Important Events Comprise Our History
As 2017 approaches, please return from time to time and review Kingsport’s Centennial Timeline.
As you read this, our history committee is hard at work compiling a by-the-decade accounting of significant dates, descriptions of events, photos, documents, and images of mementos and relics – all compiled to emphasize Kingsport’s rich past.
Click here if you wish to submit a timeline entry. All submissions will be reviewed and approved by the history committee to be included.
Historic Quick Facts
- The Boat Yard town of Christianville, the early forerunner to present-day Kingsport, was founded in 1802 and extended along the North Fork of the Holston River.
- William King of Saltville, Virginia, organized the first freighting company in the local Boat Yard, which quickly became a major center for river freight to East Tennessee and Southwest Virginia and downriver to as far as Natchez, Mississippi.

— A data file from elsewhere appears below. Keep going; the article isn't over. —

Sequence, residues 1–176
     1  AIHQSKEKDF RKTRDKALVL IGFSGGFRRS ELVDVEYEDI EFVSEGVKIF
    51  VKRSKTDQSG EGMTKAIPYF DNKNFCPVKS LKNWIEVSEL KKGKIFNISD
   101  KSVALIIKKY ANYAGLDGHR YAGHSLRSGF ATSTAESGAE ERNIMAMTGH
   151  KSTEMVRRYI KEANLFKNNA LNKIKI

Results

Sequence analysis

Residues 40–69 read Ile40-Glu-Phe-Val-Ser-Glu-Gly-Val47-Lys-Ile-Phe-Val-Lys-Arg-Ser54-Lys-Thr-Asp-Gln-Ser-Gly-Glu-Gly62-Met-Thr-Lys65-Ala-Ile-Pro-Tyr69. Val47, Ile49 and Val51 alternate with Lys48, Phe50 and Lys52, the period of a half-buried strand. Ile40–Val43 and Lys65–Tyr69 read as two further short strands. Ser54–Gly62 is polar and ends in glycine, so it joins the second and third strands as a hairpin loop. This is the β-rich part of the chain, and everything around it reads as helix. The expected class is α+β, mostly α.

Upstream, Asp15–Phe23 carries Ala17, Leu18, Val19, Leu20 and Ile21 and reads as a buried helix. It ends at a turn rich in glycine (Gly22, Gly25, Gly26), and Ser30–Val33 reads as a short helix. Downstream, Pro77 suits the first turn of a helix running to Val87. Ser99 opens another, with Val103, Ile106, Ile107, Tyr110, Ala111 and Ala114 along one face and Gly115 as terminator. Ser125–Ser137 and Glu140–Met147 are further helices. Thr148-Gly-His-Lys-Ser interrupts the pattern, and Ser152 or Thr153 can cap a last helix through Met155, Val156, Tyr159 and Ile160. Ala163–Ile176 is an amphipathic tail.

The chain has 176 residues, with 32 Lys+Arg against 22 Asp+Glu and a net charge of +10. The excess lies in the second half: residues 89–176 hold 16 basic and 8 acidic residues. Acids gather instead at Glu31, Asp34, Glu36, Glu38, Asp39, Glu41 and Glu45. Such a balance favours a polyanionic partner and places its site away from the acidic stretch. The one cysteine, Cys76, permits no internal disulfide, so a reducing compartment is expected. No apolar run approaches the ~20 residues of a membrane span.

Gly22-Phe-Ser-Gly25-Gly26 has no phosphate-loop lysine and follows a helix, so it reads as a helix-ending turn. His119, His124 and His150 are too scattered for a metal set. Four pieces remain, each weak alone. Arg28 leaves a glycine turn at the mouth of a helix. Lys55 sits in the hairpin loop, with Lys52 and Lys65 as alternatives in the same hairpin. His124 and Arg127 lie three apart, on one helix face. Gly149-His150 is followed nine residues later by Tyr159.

- In 1822, the towns of Christianville and Rossville were combined and incorporated by an Act of the Tennessee State General Assembly.
- Sadly, the events of the American Civil War, including the Battle of Kingsport fought in 1864, brought a severe downturn to our area – resulting not only in the loss of our town charter but to four ensuing decades of economic struggle.
- In 1917, Kingsport was re-chartered and became an early example of a “garden city,” as designed by nationally known city planner and landscape architect John Nolen of Cambridge, Massachusetts. We still carry the nickname, the Model City, due to Nolen’s distinctive plan.
- Kingsport has been home to many notable people, including Appalachian author Lisa Alther, noted boogie-woogie pianist and singer Cripple Clarence Lofton, Super Glue inventor Harry Coover and former NBC News correspondent John Palmer – in addition to others.
- Kingsport City Schools’ Project Heritage Timeline chronicles the history of Kingsport’s education community, including an 1870s high school on the banks of Reedy Creek.